Still, I got along well with the various nurses and nursing students that rotated through. There were a couple of things I noticed: First, there wasn't a whole lot of continuity. I was in a regular room for five days and I did not have the same nurse, on any shift, more than three times. You may be inclined to attribute this to the intervening weekend -- but that's when we finally had our first repeat nurses.

The other thing I noticed was how busy the nurses appeared to be. The frequent intercom calls for "lifting help" at one room and then another were one clue. Then, last Friday, when I went through the accelerated course in toilet re-training, I was instructed to ring for a nurse to come and, uh, inspect my efforts. This did not happen right away (OK, I wouldn't want to go look either!) -- but I was ready to make my next, uh, donation a couple times that day before anyone could get back to me.

That was the longest day for my wife. During the course of the day I figured out how to get into and out of the bed by myself and how to move myself and my equipment to where it needed to be. I had altogether too much practice. By midnight, I'd persuaded Long Suffering Spouse that I could handle it on my own.

And I did... but by the third time I was up on my own that night, I needed to ring for help... just to get untangled. Help was promptly forthcoming on that occasion and deeply appreciated. Necessity will trump modesty any day.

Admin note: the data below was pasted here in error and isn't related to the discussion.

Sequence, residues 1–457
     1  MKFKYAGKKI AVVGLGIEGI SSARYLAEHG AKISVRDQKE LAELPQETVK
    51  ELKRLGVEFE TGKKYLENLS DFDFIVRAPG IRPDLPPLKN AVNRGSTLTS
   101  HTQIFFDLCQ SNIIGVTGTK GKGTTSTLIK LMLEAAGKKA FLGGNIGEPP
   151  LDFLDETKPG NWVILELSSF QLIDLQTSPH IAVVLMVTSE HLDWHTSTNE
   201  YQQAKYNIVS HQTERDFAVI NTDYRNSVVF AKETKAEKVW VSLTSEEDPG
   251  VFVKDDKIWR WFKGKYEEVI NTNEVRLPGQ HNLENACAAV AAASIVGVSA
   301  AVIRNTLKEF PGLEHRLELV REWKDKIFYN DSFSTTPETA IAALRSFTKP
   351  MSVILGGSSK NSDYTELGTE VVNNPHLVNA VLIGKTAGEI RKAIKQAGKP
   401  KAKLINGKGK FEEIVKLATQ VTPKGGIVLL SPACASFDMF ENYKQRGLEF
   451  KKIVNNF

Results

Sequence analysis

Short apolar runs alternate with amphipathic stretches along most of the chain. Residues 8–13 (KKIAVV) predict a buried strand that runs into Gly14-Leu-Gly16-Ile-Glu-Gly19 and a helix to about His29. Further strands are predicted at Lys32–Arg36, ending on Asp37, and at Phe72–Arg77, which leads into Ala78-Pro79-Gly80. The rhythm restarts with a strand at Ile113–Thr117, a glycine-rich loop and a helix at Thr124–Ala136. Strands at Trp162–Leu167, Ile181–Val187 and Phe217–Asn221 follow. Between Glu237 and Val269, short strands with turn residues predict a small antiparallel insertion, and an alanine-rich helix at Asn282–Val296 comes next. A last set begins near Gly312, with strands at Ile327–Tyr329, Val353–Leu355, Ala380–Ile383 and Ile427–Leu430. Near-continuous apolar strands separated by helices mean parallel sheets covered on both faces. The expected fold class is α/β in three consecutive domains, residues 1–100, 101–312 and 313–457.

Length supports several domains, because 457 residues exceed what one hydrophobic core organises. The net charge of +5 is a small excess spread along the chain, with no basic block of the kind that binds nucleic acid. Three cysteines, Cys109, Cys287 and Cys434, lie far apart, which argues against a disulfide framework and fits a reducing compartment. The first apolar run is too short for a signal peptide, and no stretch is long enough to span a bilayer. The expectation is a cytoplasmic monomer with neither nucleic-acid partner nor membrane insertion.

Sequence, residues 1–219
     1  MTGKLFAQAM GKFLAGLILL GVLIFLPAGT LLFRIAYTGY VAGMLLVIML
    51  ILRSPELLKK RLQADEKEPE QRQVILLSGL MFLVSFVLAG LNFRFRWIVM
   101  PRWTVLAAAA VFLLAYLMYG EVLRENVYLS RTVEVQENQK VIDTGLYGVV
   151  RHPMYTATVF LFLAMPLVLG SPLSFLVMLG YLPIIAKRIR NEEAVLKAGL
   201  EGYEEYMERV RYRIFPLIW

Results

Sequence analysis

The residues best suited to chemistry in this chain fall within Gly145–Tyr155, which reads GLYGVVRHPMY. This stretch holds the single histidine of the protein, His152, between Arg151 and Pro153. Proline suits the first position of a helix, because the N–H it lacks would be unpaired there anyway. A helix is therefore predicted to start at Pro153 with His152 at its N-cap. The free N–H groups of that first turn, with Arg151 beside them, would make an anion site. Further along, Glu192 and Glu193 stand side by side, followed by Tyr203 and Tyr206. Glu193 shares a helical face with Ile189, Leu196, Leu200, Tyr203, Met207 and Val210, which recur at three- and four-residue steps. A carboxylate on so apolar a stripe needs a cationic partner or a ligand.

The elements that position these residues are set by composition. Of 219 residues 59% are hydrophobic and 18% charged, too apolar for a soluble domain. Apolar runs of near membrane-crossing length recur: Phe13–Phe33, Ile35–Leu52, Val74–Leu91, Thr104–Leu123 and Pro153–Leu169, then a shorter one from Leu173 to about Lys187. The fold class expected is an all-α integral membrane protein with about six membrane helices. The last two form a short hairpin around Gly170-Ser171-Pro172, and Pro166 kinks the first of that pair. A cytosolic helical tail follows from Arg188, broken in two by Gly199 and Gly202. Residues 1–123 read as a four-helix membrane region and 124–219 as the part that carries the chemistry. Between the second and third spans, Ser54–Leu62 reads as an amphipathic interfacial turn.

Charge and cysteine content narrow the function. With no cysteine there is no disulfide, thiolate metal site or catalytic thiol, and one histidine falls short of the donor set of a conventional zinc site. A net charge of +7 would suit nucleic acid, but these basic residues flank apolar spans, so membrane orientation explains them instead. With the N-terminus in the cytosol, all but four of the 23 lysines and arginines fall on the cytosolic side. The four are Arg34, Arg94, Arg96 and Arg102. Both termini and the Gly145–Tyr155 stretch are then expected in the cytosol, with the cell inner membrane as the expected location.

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Long Suffering Spouse was concerned that the staff did not appreciate her frequent presence. I said it was just the opposite: She was able to assist me with the unpleasant personal tasks, leaving the staff free to focus on other patients who did not have the advantage.

Long Suffering Spouse did not interfere when the nurses came in to do their things. She got out of the way and only asked if there was anything they needed her to do.

I can't imagine that this would annoy anyone.

I, on the other hand, did annoy one nurse. She was puppy-praising me for cooperating with whatever shots she was then administering. This was nothing special, I said, since I was trussed up in the bed like the Thanksgiving turkey in the roaster pan and she had large needles and other means of enforcing obedience.

Apparently she thought I was suggesting that she would intentionally injure me if I didn't cooperate.

And I suppose I was... as a joke. It wasn't much of a joke to start with, and one I'd assume most nurses have endured before, but this particular nurse's response just killed it entirely.

Nurses: Was I that far out of line? And what do you think of spouses who remain on station as Long Suffering Spouse did for me?